Originally Posted by msutt1
All of your concerns can be addressed by a competent instructor. Follow the gun safety rules:
1 Treat every gun as if it is loaded
2 Keep your finger off the trigger until you are ready to fire
3 Keep the gun pointed in a safe direction; don't point the gun at anything you DON'T want to destroy (see Rule 1)
Oh, and get a holster designed for your gun...not a crappy Uncle Mike's holster...try some of the vendors here. Personally, I like UBG Holsters Also get a quality belt (your normal JC Penny belt won't support the weight of a gun, holster, and spare mag).
To carry an unloaded gun is to carry a paperweight. Do a on carrying unloaded, and you will see the debate.
- know the differencemartyr
is a fancy name for crappy fighterYou have never lived until you have almost died. For those that have fought for it, life has a special flavor the protected will never know
November 18th, 2011 04:51 AM
In addition to all the above, remember there is no reason to holster your weapon in a hurry. Be sure the holster is clear and the gun is going straight in as designed. Above all, keep you finger off the trigger regardless of whether you have a safety on the gun.
"I've noticed that everyone that is pro-abortion has already been born." - Ronald Reagan
"When governments fear the people there is liberty. When the people fear the government there is tyranny." Thomas Jefferson
You are only paranoid until you are right - then you are a visionary.
November 18th, 2011 05:59 AM
Do yourself a huge favor and take a Defensive Pistol class with a good instructor. Yeah I know, it's not mandatory, the 2nd amendment blah blah blah. Your reluctance to carry any pistol chambered will be removed and your confidence in yourself and that pistol will grow.
Welcome to the forum.
"Everybody's got a plan, 'til they get hit".
November 18th, 2011 06:07 AM
+1 for the get more training replies. This should have been the first advice given. The gun you carry or the way you carry it matters little compared to knowing how to use it properly and being proficient with what you choose.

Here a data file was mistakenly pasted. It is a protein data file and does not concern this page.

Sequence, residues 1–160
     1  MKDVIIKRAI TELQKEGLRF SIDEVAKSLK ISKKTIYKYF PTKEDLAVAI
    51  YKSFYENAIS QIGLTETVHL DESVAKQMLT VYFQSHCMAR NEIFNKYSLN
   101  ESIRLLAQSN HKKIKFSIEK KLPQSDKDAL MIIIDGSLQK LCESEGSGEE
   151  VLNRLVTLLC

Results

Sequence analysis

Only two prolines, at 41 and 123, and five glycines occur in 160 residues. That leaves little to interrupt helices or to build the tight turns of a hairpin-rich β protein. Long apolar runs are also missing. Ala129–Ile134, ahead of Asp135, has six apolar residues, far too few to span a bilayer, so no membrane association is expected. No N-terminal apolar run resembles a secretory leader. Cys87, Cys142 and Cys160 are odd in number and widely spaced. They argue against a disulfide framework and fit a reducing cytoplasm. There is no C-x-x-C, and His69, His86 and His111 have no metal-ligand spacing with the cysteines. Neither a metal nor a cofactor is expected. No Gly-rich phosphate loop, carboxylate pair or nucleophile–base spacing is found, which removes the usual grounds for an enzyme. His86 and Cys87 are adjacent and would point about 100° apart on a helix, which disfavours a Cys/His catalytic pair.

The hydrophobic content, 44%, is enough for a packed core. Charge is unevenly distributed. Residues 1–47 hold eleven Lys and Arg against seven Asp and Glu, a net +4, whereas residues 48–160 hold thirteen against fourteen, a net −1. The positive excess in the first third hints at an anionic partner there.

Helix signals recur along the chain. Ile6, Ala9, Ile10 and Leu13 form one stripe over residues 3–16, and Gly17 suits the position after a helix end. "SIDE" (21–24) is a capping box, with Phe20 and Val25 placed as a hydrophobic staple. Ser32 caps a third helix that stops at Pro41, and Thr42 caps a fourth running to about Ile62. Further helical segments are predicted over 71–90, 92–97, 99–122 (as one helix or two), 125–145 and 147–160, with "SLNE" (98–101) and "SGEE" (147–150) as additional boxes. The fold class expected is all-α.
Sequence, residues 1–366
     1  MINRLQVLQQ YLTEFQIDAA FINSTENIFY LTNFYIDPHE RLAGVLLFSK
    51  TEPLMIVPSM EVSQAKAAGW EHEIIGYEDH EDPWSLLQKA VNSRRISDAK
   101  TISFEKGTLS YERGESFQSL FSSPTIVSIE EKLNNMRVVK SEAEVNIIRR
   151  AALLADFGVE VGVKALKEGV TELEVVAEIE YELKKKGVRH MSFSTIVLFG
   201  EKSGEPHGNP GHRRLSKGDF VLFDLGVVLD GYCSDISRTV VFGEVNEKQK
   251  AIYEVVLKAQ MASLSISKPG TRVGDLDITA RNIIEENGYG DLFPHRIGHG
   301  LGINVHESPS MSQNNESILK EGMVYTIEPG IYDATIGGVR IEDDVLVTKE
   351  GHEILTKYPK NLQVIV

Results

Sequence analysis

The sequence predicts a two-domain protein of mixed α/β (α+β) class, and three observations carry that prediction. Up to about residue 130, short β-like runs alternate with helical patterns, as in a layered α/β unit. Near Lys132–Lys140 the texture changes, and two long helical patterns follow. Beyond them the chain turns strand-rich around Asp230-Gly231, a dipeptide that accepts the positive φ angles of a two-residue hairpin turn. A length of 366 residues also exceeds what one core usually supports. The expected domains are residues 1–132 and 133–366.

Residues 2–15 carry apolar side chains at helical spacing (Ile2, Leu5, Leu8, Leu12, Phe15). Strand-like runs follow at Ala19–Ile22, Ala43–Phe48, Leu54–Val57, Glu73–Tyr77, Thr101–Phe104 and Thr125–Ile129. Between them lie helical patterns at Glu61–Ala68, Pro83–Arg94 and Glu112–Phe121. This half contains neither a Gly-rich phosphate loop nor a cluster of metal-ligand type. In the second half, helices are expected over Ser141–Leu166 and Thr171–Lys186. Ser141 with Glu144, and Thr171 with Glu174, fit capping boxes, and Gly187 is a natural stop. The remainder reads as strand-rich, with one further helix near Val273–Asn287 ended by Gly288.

November 18th, 2011 06:12 AM
For now I suggest the Ruger, loaded, with the safety on. But whila you are at home I suggest you take Matt in Fla's advice and give the Glock a try. In fact I suggest you drop your unloaded glock on your floor a few times just to prove to yourself that it won't go off unless you pull the trigger. Glocks are very popular pistols and have been around for 25 years. The design is a proven winner and they shoot great.
I would suggest carrying the Glock in a quality holster, completely unloaded, with the striker cocked (i.e. clear the gun completely, cycle the slide and holster with the trigger in the forward position) around the house for a few days. You will notice that the trigger remains in the forward position, indicating that the pistol has not "fired" of it's own accord.
I American and I Ameriwill!
November 18th, 2011 06:50 AM
First off, welcome to the forum.
Both of your guns were designed to be safely carried with a round in the chamber.As long as you keep your finger off the trigger the gun will not fire. Remember, in a defensive situation, when seconds count, do you want to have to worry about racking the slide? It's not like at the range, where a few extra seconds don't mean anything.
Freedom doesn't come free. It is bought and paid for by the lives and blood of our men and women in uniform.
NRA Life Member
November 18th, 2011 07:16 AM
I won't own a Glock
Holstering is one of my great concerns with the Glock design. I know a man, well experienced with handguns and with Glock, who was in a carefully regulated training scenario and while holstering the Glock a piece of his clothing found its way inside the trigger guard as he was sliding the Glock into the holster. This caused the Glock to discharge because the "safety" in the trigger was depressed, allowing the trigger to be pressed and discharge a round. The round passed all the way down his leg causing extensive damage ahd he has a permanent limp and a leg brace.
Originally Posted by ksholder
I'm also concerned that every claim against Glock citing design flaws causing injuries has been settled out of court with non-disclosure agreements. What are they hiding?
We each make our own choices...
I don't have the SR9c yet, but it's on my wish list.
The very atmosphere of firearms anywhere and everywhere restrains evil interference - they deserve a place of honor with all that's good.
November 18th, 2011 08:30 AM
Thanks for the replies and suggestions. More advanced training is definitely in my plans. I am currently trying to find someplace a little closer to my home in northern ohio than the tactical defense institute mentioned earlier which is about 4 hours away.